A trick I like to use has to do with the timing of the basecoat. When I saw small dots of basecoat starting to set-they turn a darker brown-this is when I started mixing my second batch to run the final basecoat. This has an interesting effect. The lower coat of the basecoat that is starting to set will get additional agitation by the second coat being run over it. This causes it to set faster and also will tend to speed up the set of the fresh coat being applied over it. This method can also be used with sand finish that is applied over a fresh basecoat. When the basecoat is hard to the touch and starts turning (meaning the small dots of dark brown start appearing over the surface), I begin to apply a thin coat of sand finish over it. This really works slick for smaller ceilings.

The basecoat will actually speed the set and help you work down the sand finish into a nice fine swirl texture in a much shorter time than it ordinarily takes. I finished applying the basecoat and then blended the edges out into the existing areas that I would soon be covering with sand finish. For the walls, I simply smooth coated them after finishing the ceiling areas.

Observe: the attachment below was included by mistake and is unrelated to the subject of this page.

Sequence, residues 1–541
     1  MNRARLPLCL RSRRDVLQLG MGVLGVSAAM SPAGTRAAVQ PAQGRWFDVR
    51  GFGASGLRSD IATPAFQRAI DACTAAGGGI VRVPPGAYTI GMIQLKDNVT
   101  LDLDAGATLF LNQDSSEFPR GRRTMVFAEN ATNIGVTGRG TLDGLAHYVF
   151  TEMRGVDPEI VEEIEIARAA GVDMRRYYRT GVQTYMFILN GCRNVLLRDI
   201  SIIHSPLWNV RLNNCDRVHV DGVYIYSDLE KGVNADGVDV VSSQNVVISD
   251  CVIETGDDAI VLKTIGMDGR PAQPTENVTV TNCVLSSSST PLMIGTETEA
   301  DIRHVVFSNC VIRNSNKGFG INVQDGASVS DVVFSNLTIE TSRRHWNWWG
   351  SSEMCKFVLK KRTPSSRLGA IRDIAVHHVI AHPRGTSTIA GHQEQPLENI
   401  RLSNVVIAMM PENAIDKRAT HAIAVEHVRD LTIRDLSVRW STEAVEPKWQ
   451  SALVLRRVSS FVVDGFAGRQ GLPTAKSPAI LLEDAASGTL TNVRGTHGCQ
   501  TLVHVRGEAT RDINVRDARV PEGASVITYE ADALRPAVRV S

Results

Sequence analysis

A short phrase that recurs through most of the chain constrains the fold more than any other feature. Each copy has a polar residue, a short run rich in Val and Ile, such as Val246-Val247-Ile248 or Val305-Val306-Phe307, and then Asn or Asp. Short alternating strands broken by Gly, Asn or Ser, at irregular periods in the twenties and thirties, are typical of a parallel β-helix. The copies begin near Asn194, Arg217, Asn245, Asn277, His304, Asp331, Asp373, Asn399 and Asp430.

Photo 5: The finished product.

Finish coat and matching in

Photo #5 shows the finished product-the swirls match the pattern of whoever did the original ceiling. Now this may seem a small point but it's worth noting and mentioning: Study the swirl or texture pattern carefully so you can match into it properly. Believe it or not, I find repair after repair that is done quite well mechanically-it is brought up and matched into the existing area OK with the basecoat. Then the final step, the texturing, is botched by swirling it in the wrong direction or the repair is left smooth while the surrounding areas are textured. With a little time and effort, these areas can be blended to leave a wonderful repair that will amaze the homeowner and give them something to brag about for years to come!

Plaster Man would like to congratulate the winner of the Bosch Power Box. Kathy Kobe, of Michigan, sent in this comment, "I enjoy your column and pretty much read the entire magazine!"

I'm looking forward to visiting with many of you on the upcoming cruise. It‘s going to be a great opportunity to bring a lot of skilled plasterers together to talk over the trade and where it‘s headed. This is the last opportunity to get in on the special pricing. Get in touch with me at before the end of June and I‘ll tell you what you need to do to be a part of this. I hope to see you on board!

Until next time, Plaster On!

Editor's Note:

In the April issue, the wrong picture and caption ran on page 44. We apologize to the readers and Plaster Man for the mistake.